As social phenomena, languages are tied up in world of unequal power relations, gaining or losing status not based on technical linguistic grounds but on social judgement, biases, and stereotypes that are based on the status of their speakers. As such, we argue that white America's love-hate relationship with black modes of communication can only be interpreted within a framework that considers language a primary site of cultural contestation. It should be clear by now that it's about more than a mothafucka, right? Our analysis of Black Language forms that the dominant culture considers inflammatory, controversial, or stigmatized allows us to make several observations. First, building off what anthropologist and linguist Arthur Spears noted in his discussion of uncensored speech, Black verbal culture, like all cultures is "a complex network of predispositions, values, behaviors, expectations and routines." Language practices, in their varying sociocultural contexts, can only be understood if read within the full range of the community's speech activities, and that requires rigorous ethnographic search and analysis. Second the community's beliefs and ideas about language- it's language ideologies- should be the primary point of departure for investigation and interpretation.
H. Samy Alim
The father of communism, Karl Marx, famously predicted the “withering away of the state” once the proletarian revolution had achieved power and abolished private property. Left-wing revolutionaries from the nineteeth-century anarchists on thought it sufficient to destroy old power structures without giving serious thought to what would take their place. This tradition continues up through the present, with the suggestion by antiglobalization authors like Michael Hardt and Antonio Negri that economic injustice could be abolished by undermining the sovereignty of states and replacing it with a networked “multitude.”17 Real-world Communist regimes of course did exactly the opposite of what Marx predicted, building large and tyrannical state structures to force people to act collectively when they failed to do so spontaneously. This in turn led a generation of democracy activists in Eastern Europe to envision their own form of statelessness, where a mobilized civil society would take the place of traditional political parties and centralized governments. 18 These activists were subsequently disillusioned by the realization that their societies could not be governed without institutions, and when they encountered the messy compromises required to build them. In the decades since the fall of communism, Eastern Europe is democratic, but it is not thereby necessarily happy with its politics or politicians.19 The fantasy of statelessness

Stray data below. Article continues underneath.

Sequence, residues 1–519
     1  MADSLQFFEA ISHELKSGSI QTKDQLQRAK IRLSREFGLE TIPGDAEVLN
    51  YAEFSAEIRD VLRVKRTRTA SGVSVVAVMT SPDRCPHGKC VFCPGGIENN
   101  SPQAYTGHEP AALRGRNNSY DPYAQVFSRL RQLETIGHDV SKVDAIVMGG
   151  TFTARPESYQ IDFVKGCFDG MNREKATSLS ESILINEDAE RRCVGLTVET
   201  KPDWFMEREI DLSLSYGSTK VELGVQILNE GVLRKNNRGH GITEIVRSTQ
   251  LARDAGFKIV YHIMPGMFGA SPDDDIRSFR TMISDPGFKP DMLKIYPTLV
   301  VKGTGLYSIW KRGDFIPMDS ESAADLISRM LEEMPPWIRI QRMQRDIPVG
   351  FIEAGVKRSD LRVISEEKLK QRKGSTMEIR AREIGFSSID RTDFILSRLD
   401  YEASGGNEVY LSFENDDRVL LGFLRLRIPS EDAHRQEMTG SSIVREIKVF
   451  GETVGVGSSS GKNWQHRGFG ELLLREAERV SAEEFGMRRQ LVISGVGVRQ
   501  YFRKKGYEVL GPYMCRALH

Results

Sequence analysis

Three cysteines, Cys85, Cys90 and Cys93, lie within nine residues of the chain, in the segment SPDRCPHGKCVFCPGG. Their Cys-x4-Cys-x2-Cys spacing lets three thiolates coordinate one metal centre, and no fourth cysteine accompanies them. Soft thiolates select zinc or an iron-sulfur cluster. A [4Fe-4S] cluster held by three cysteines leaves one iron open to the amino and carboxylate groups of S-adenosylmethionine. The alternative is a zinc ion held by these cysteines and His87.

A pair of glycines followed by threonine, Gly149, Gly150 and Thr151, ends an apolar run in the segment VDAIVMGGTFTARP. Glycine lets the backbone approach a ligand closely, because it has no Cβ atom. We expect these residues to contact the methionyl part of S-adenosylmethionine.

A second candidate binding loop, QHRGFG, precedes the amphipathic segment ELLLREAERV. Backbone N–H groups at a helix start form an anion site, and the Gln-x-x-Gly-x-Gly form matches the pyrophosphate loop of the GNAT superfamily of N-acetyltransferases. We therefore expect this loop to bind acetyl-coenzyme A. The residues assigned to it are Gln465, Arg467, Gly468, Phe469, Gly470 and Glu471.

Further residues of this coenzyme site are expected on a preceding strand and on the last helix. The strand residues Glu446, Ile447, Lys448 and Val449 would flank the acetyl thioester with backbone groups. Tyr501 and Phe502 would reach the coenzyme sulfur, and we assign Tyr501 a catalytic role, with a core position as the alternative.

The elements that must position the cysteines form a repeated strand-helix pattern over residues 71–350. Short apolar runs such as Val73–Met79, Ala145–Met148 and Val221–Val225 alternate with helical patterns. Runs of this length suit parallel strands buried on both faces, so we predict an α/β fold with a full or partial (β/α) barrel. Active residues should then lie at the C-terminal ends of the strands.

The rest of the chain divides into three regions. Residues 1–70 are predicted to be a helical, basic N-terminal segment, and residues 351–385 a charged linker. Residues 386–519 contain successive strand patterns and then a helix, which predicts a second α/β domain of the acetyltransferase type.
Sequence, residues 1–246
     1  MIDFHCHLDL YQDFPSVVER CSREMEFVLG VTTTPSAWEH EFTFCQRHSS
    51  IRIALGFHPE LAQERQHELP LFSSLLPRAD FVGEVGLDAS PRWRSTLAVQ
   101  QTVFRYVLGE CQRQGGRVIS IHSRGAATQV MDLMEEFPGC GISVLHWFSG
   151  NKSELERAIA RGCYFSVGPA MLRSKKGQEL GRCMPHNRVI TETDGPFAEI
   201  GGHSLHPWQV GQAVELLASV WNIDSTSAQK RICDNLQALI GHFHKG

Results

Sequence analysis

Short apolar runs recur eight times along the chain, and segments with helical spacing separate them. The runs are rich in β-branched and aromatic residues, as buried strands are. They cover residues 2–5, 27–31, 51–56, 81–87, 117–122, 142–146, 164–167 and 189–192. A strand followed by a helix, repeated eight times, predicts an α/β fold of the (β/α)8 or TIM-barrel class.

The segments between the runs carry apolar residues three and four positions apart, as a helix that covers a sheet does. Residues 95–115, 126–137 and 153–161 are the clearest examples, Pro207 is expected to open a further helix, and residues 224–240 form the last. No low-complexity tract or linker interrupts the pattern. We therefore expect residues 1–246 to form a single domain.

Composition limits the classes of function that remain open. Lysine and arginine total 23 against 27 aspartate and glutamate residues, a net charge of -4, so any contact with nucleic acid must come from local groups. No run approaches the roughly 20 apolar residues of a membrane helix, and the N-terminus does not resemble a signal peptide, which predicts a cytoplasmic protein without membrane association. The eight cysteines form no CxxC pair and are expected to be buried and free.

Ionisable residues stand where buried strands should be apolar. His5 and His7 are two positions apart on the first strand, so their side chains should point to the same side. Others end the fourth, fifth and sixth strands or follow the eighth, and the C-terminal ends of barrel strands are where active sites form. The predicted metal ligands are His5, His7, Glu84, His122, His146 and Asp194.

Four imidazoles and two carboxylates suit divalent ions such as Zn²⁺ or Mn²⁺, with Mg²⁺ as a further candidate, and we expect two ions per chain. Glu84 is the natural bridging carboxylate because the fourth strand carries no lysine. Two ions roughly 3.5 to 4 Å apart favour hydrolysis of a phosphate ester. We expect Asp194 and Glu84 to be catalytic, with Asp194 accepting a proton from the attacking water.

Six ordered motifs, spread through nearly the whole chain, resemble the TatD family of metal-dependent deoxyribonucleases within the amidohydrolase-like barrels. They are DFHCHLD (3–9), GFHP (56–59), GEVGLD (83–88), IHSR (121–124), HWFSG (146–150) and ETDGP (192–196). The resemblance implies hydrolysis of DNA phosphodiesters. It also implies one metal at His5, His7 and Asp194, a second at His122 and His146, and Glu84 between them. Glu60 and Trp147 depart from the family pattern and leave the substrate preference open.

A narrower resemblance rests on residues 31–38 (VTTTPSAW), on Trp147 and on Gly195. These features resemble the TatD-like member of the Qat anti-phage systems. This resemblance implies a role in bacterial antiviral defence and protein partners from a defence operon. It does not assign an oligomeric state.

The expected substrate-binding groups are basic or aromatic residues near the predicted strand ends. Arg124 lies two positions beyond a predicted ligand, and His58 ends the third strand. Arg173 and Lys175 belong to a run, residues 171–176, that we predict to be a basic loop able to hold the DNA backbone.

Francis Fukuyama (The Origins of Political Order: From Prehuman Times to the French Revolution)